Why Are Long Sentences A Bad Idea?
Research shows long sentences don’t work to keep communities safe.
Supporters of long sentences have traditionally argued that they improve public safety by deterring crime and keeping “dangerous” people off of the streets. However, both of these arguments have been disproven by research. In fact, long sentences go against the most recent research on how to deal with important problems like addiction and violence, and they cause immense harm along the way.
Deterrence, in the case of long sentences, is the idea that people will not commit crimes because they are scared of going to prison for a long time. But research shows that severe punishments do not increase public safety and don’t deter criminal behavior in the first place21. Very few people are familiar with the various penalties laid out in state statute22, let alone the arbitrary and complicated nature of habitual laws. On top of that, many behaviors that have been deemed illegal by statute are actions driven by addiction or poverty. For example, long prison sentences are highly unlikely to deter people from using drugs if they suffer from addiction.23
Locking people in prison to isolate them from society, often referred to as incapacitation, is also a misguided way to approach public safety. Research has shown that long prison sentences are ineffective as a crime control measure24 and evidence from multiple states proves that prison sentences for many offenses can be shortened with no effect on public safety.25 Very long and life sentences also make little practical sense in light of the extensive evidence that people are far less likely to break the law as they age.26
Long sentences are especially insidious when they are handed down for drug violations. Medical science has proven that addiction is a disease, and that relapse is a common aspect of recovery.27 Sending someone to prison does nothing to address the underlying addiction, and the lack of treatment and medication can increase the likelihood of relapse or overdose following release.28
Long sentences undermine public safety in other ways as well. People who serve long prison terms are routinely exposed to unsafe and unhealthy conditions, as recent investigations into prison conditions across Mississippi and the nation have demonstrated.29 While even short periods of incarceration can be devastating on a person’s stability after release, long sentences can make it even harder for people to successfully return home.30
Long sentences subject people to age and die in prisons that are not equipped to handle their needs.
Long sentences force prisons to act as hospitals, and they have proven unfit for the job. As people age in prison, they are prone to the same health issues as aging people on the outside. On top of those issues, incarcerated people are more likely to develop chronic illnesses and infections, likely due to the stress associated with incarceration and substandard living conditions in jails and prisons.31 In fact, one study found that each year of incarceration results in a two year decrease in life expectancy.32 When people do grow ill in prison, they often receive poor medical care despite a constitutional guarantee to adequate medical care.33 Several private providers of in-prison medical care have been in the news recently for failing to properly diagnose and treat sick people, resulting in unnecessary surgeries, amputations, and deaths.34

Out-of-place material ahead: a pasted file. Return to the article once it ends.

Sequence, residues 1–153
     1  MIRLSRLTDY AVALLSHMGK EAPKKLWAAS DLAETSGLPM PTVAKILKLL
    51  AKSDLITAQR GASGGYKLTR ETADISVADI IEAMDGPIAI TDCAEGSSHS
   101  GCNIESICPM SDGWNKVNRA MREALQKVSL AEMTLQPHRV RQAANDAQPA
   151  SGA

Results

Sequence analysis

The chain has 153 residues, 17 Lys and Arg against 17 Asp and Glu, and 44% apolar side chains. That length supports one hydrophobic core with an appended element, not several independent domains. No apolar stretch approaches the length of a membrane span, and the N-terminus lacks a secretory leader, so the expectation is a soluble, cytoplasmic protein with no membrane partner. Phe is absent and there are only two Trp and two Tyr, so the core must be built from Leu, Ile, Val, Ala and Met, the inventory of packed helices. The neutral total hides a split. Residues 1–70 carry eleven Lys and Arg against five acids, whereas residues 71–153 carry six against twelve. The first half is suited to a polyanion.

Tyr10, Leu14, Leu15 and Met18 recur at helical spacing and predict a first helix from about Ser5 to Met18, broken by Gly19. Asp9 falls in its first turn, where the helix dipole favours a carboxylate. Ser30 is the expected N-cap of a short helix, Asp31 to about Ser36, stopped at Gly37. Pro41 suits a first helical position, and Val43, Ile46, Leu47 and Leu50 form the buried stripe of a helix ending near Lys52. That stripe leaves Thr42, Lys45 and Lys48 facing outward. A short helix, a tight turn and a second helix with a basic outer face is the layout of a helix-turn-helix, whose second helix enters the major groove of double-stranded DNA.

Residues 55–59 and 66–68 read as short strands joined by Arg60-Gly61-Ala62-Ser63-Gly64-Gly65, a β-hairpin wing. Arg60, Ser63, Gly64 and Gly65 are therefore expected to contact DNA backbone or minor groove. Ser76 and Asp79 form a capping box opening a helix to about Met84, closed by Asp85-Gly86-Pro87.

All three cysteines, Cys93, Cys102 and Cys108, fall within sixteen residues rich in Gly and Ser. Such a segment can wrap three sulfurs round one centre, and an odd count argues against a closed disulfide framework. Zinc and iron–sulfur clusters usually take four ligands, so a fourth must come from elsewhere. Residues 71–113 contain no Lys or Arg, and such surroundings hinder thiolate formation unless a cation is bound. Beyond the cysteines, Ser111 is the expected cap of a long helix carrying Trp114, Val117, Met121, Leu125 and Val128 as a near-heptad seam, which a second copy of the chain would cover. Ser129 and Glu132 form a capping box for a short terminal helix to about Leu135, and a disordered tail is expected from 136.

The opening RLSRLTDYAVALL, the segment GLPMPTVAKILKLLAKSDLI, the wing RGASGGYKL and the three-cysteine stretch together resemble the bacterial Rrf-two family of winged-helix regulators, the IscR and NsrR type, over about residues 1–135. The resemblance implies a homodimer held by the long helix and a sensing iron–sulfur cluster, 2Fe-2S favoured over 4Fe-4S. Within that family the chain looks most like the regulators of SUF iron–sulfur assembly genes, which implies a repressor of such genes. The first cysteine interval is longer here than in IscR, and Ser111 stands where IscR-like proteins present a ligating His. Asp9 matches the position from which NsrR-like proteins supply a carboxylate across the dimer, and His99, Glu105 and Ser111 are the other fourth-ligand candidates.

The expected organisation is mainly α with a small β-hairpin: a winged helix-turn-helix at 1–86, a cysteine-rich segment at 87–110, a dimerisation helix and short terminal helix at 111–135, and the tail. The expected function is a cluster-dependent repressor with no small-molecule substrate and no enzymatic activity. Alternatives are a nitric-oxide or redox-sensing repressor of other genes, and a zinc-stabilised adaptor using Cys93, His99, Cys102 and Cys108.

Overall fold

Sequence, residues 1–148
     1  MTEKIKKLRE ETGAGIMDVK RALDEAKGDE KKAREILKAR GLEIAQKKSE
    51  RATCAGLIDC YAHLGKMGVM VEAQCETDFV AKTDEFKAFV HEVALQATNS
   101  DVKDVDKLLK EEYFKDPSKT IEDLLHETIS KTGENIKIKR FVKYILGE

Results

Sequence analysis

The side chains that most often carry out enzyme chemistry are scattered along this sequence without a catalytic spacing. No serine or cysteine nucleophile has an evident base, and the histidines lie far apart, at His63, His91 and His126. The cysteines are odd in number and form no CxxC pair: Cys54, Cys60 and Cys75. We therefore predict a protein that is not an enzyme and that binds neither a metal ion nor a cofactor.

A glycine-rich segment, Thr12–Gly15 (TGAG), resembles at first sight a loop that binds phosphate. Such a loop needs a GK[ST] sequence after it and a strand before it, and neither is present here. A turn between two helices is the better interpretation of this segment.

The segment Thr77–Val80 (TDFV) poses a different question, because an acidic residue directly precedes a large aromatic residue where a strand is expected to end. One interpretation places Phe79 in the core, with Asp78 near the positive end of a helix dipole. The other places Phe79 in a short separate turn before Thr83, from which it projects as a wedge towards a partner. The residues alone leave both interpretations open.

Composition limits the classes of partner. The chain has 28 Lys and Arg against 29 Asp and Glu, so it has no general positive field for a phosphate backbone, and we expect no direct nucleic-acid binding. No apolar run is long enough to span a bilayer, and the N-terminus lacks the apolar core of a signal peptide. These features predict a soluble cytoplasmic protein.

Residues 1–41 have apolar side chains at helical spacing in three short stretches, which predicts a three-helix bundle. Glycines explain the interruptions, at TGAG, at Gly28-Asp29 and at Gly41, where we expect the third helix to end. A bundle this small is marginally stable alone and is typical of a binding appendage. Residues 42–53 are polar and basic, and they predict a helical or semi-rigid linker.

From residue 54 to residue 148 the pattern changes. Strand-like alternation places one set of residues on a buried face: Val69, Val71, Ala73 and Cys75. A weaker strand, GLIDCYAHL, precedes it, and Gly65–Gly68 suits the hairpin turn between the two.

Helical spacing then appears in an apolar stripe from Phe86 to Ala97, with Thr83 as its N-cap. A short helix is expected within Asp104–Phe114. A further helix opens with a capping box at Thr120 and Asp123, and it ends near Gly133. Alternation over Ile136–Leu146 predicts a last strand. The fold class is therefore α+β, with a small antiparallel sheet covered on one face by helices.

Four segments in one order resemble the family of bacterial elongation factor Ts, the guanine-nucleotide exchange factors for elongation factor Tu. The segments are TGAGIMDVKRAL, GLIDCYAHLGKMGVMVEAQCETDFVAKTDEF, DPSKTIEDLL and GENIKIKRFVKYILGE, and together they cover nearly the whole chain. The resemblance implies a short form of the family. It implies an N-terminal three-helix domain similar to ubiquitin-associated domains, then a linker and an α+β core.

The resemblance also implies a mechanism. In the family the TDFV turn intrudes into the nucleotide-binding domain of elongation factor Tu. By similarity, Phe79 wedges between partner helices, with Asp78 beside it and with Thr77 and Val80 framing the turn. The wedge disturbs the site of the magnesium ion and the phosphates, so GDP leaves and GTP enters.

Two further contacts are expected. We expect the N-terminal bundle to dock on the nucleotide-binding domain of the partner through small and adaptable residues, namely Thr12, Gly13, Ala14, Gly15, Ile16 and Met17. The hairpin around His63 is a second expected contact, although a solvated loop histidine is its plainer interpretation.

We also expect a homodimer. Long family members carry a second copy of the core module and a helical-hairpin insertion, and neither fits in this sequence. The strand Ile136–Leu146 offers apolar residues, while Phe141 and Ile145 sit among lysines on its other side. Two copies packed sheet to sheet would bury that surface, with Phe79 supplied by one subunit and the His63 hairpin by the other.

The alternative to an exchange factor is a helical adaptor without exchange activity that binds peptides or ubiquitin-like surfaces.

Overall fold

Aging in prison also comes at great emotional and financial cost. Families are unable to care for their loved ones who grow ill in prison, further isolating people who are already suffering and denying people private time with their loved ones during their final days. And taxpayers foot an enormous bill for this cruel and ineffective system. In 2015, states spent $8.1 billion on prison health care.35
Long sentences disrupt family and community ties.
When people are separated from their family and community ties for decades, the impacts spill over into the rest of the family and future generations.36 When a family member is incarcerated, their loved ones face a host of challenges. When the incarcerated person is a parent, these consequences are especially severe. Over half of incarcerated parents reported that they were the primary financial support for their families.37 And when mothers are incarcerated, their children are often displaced from their homes and frequently placed in foster care.38 The trauma that these families experience leads to a wide range of negative impacts such as reduced earnings39, housing instability or homelessness40, poorer school outcomes4142, and mental health issues.4344 It also reinforces existing social inequalities.45
Given the extensive harms caused by incarceration, even the most serious crimes warrant careful consideration before an extreme sentence is imposed. Locking people up into old age or until they die without any opportunity for release undermines the value of redemption and stops the clock at the time of the crime, even after decades spent in prison. While violence and loss should be taken seriously, long sentences take a strictly punitive approach, rather than emphasizing healing and rehabilitation, which are both values supported by crime victims and survivors. In fact, more than six in 10 crime survivors prefer shorter prison sentences and would prioritize investments in education and job creation over harsh sentencing.46